ending, but it wasn't the ending I wanted.

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  • Joshua Gabriel (Ever Bookish Josh)

    .

    I'm glad that I've found another meaningful contemporary novel that deals with mental health. I honestly didn't have high expectations when I requested this book from the publisher, so I was delightfully surprised by its enlightening and philosophical content. If you're looking for an Own Voices

    .

    I'm glad that I've found another meaningful contemporary novel that deals with mental health. I honestly didn't have high expectations when I requested this book from the publisher, so I was delightfully surprised by its enlightening and philosophical content. If you're looking for an Own Voices novel that is worth your time (and money), go ahead and pick this up on December.

    is the story of two "broken" teenagers. Abelard has Asperger syndrome, while Lily has ADHD (like the author). They've known each other since childhood, but they only become real friends when they are both detained for "innocently" destroying school property. Since Abelard finds it extremely difficult to talk face-to-face, he and Lily start a connection through texting. They have both love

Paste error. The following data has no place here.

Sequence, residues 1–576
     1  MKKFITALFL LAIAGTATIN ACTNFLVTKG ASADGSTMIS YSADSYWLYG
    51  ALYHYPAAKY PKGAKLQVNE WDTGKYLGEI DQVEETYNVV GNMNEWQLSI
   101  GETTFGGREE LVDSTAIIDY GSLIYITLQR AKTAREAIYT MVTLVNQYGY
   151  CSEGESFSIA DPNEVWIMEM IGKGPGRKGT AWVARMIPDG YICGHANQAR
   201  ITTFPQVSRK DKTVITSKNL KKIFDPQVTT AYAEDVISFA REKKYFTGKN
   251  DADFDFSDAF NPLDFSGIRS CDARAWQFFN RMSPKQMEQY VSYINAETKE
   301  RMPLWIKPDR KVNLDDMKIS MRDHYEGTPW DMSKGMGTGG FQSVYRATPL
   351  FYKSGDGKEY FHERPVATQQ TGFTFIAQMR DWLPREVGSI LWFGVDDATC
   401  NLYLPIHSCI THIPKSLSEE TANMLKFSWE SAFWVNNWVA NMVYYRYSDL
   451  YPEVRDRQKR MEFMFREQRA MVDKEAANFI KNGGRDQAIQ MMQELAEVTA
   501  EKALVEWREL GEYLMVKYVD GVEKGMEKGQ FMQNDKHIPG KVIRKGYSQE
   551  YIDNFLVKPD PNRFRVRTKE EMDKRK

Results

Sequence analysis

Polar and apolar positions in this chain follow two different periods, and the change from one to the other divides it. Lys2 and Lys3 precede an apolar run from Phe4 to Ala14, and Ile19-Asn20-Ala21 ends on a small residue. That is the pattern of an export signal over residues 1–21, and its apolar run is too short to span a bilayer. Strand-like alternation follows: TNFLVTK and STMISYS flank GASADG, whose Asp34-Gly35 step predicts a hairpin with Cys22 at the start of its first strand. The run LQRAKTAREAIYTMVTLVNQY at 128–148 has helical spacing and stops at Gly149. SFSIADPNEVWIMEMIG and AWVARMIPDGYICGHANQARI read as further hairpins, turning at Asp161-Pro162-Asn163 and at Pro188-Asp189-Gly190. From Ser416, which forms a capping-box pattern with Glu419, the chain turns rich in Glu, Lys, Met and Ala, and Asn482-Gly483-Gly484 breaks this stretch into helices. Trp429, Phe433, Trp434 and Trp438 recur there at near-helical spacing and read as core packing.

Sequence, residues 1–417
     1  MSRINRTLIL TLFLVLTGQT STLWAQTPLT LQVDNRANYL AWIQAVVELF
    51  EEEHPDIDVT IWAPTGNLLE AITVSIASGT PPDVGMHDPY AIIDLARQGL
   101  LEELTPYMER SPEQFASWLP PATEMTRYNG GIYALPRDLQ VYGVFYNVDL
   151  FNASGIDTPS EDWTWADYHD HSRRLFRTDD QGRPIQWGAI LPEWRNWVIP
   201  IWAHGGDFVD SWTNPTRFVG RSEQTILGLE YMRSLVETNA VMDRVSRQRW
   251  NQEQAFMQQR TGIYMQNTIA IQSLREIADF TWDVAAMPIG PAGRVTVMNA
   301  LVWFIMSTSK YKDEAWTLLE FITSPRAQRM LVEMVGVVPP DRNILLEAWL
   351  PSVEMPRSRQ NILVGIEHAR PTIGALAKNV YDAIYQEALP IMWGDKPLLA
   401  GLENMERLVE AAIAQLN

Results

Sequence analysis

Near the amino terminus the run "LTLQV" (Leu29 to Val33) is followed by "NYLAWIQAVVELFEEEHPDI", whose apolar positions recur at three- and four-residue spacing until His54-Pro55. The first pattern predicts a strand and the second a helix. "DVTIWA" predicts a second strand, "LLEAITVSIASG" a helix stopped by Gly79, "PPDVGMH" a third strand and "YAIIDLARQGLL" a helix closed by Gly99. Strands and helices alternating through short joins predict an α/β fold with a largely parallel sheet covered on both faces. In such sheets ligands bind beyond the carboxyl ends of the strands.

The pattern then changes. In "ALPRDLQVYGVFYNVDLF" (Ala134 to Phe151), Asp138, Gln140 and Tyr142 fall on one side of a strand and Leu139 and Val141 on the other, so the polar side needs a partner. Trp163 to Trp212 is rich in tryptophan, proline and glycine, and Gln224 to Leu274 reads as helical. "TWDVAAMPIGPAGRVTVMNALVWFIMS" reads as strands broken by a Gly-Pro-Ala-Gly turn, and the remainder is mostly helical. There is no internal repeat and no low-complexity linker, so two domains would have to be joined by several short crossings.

, and they cleverly exchange passages to express their thoughts and emotions.

    Unsurprisingly, this book had a character-driven story. Lily was the sole narrator, and her inner musings ranged from dark, to cynical, to downright hilarious. She was a very interesting character because she was caught in a quandary every day in school; even though she had ADHD, her peers and teachers seemed to be oblivious to her special needs and treated her like she was like an ordinary teenager. It was sad and ironic that Lily, one of the brightest students, was mistaken for a truant. I totally understood why Lily hated going to school since it was practically her own version of hell.